I hope you all are having a splendid week so far! It’s been so hot and humid lately. Luckily, it did storm a few nights ago, which is a relief since I rarely wash my car — oops.
Lately, I’ve been feeling so sporadic with wanting to start a bunch of new things, but no idea which to start first. Every feel that way? I’m just so excited and hopeful about the upcoming year. For those that have school starting back soon, I’m sure you’re facing what to pack or prepare for the new year. Sorry to bring it up! I actually miss the college experience, although, it wasn’t a wild one, haha.
*This is completely off topic, but I just logged on to Hulu to watch last night’s episode of Bachelor in Paradise, and the first five minutes: INSANE.
Okay, I can get back to my post, haha.
The power of educators
Anyway, isn’t it an exciting time, just a teensy bit? For those that have graduated and it’s your first year teaching, I can imagine how daunting it can be. [But, you got this!!] I took one education class just because I needed to fill a requirement. What I realized: That’s a definite nope from me! There were a bunch of reasons why I didn’t like the class, but it definitely ruled out a teaching career for me.
For those that have gotten their teaching degree, I give you lots of props. I don’t understand how you get through the lesson plan — that assignment was too repetitive for me! Not to mention, me teaching as a whole would be disastrous.
I mean, as teachers and educators, the power is in your hands to educate the next generation, to springboard them for further success. That’s an immense role and we should figure out the best way to approach and teach them.
Listen and learn
For the past year, I’ve become a big fan of podcasts. I don’t leisurely listen to them as much as I’d like, but I have been trying to be more proactive to listen to them even more. I love Jana Kramer’s podcast and I really enjoy listening to TED Talks at the moment. Both are meant for different things, but they provide helpful insights and perspectives.
Jana’s podcast focuses on relationships, based on her own marriage, to help people with their relationship between them and their spouse. I need a bit of her bluntness and honesty in my life, too.
I don’t really know how to describe TED Talks, but they definitely are set for a more professional setting. You all probably are better at describing them than I am since they’re pretty well-known. They cover so many topics so you can’t help but just go down the rabbit hole with them! I love listening to their talks because they’re just incredibly inspiring to listen to whenever you do.
For those going back to school as teachers, especially those that are teaching little ones, I found this podcast to be helpful whenever a student asks you about a taboo topic.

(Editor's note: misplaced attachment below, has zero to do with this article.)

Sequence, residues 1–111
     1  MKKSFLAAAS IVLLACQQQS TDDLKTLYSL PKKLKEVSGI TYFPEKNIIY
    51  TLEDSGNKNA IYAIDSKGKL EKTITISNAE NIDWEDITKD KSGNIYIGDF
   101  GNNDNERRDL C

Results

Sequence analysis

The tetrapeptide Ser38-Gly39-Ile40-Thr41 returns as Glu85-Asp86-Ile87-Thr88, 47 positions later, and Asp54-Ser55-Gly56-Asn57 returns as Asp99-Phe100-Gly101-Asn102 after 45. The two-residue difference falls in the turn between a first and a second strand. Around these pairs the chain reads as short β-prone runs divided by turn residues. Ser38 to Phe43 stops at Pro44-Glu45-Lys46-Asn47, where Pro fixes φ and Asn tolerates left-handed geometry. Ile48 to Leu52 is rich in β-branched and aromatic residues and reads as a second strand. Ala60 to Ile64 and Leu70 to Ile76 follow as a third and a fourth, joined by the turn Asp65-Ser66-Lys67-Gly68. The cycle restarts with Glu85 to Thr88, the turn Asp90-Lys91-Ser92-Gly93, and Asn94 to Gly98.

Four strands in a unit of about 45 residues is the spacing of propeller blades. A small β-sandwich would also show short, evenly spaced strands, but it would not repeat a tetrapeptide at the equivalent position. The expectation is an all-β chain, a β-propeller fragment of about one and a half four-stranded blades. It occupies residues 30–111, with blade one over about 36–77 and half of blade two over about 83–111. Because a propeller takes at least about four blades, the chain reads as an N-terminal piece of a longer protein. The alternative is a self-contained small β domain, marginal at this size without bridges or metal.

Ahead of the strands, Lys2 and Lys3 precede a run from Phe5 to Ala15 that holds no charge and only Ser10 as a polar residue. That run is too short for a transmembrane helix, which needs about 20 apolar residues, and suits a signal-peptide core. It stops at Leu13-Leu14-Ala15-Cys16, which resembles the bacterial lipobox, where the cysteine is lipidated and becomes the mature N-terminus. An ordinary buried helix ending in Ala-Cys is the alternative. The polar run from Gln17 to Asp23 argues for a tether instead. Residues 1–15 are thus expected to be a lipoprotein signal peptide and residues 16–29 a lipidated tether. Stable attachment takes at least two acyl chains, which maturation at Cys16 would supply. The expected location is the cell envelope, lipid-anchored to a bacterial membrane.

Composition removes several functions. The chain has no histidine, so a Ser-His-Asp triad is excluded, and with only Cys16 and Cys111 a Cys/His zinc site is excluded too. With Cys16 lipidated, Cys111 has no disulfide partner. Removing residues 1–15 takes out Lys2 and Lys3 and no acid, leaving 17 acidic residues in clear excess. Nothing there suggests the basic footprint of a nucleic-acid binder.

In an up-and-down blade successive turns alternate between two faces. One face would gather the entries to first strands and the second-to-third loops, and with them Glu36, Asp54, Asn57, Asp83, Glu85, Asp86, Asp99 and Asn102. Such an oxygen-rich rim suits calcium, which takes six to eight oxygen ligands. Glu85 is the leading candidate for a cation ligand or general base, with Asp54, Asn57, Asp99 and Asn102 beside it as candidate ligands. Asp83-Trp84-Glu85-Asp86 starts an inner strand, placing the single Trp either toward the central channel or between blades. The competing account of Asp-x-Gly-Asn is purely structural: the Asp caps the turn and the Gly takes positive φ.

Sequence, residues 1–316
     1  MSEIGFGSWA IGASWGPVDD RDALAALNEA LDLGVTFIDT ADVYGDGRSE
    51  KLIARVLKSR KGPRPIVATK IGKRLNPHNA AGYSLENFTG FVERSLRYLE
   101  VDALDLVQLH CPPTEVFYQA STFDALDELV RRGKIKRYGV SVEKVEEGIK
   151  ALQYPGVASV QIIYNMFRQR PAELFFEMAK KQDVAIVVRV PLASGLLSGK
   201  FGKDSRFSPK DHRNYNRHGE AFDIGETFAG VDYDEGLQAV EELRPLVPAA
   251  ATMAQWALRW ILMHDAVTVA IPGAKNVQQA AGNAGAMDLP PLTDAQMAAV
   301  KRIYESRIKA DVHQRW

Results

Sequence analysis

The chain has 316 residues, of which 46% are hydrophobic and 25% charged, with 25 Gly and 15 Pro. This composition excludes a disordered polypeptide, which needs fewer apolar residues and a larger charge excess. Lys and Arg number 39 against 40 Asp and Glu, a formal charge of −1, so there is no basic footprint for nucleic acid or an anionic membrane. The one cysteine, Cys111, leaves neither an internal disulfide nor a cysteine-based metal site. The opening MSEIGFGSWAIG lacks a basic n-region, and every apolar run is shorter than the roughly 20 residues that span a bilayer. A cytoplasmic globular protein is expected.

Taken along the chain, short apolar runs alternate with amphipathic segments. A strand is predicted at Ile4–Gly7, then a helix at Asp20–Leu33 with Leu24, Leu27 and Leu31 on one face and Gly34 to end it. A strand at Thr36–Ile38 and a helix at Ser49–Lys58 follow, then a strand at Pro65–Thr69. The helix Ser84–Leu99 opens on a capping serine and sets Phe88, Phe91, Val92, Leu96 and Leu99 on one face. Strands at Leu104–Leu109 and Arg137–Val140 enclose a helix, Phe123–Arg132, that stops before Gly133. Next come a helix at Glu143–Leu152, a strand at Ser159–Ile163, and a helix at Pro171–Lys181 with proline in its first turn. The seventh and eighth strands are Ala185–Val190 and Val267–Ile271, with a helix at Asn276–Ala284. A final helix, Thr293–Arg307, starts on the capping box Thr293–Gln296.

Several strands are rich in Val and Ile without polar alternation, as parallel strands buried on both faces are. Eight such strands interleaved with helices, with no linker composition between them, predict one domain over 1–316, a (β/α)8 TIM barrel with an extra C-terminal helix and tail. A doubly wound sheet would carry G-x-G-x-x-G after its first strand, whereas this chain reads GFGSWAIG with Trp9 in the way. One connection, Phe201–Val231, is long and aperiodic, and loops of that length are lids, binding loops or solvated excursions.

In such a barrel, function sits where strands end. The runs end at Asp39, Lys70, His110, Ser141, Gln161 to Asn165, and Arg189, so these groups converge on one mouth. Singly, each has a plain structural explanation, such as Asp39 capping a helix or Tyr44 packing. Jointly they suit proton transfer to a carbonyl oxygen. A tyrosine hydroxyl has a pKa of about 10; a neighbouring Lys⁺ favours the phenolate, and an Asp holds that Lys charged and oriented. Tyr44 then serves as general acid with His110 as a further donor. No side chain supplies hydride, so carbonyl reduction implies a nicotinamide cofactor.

I am a contributor to the site, Smash Notes, so it’s a pretty cool opportunity! In case you want to give it a listen, here it is. Don’t worry, there are some show notes in the form of Q&A if you don’t have time to listen to it. It’s about 13 minutes or so, not too long of a podcast as a whole.
The podcast not only gives advice to teachers on how they can educate their students about taboo topics, but for us as well. We all have had encounters with children at some point in our lives. They’re often so innocent when it comes to asking questions, and sometimes they’re uncomfortable topics that we’d rather feed them another sweet than to answer!
This is not a sponsored post, [but how cool would that be?!] Smash Notes offers a variety of podcasts, so maybe you’ll find a podcast that’s already has notes written for you to follow along! If not, you can always request a podcast series for the site to include.
What we can do
Despite not being a teacher, there’s still so much that we can teach and learn from one another. There is a vast amount of information out there, and no humanly way for us to know it all. It’s refreshing to learn something new or to have the opportunity to teach someone about what they’re curious about.
What happens if a child asks you about a taboo topic? Would you find a way to educate the individual or shy away from the subject? Luckily, that hasn’t happened to me yet, but after listening to that podcast, I will consider how to approach the situation if it ever happens to me.
I think one point from the podcast that has really stuck with me is if they can’t ask their parents or teachers about a topic, how else will they learn about the subject in a controlled, not tainted, way? If they aren’t allowed to ask you any questions, you bet they’ll seek other sources to fuel their curiosities — only, they may not be the best resources that the curious mind stumbles upon.
Our role as an educator in life is to teach those that have yet to learn, not shy away from the conversations that become too tough or complicated. Take this as an opportunity to educate them. You’ll never realize the impact you’ll have when you do.
Although I will admit, my cousin is now in high school and it feels like she knows way more than I ever did whenever I was her age!
Maybe the dynamics have changed now, but we all need to learn in life, right? Hope you enjoyed the podcast like I did and consider this little food for thought idea.
Hope everyone else has a wonderful week! Do you listen to any podcasts?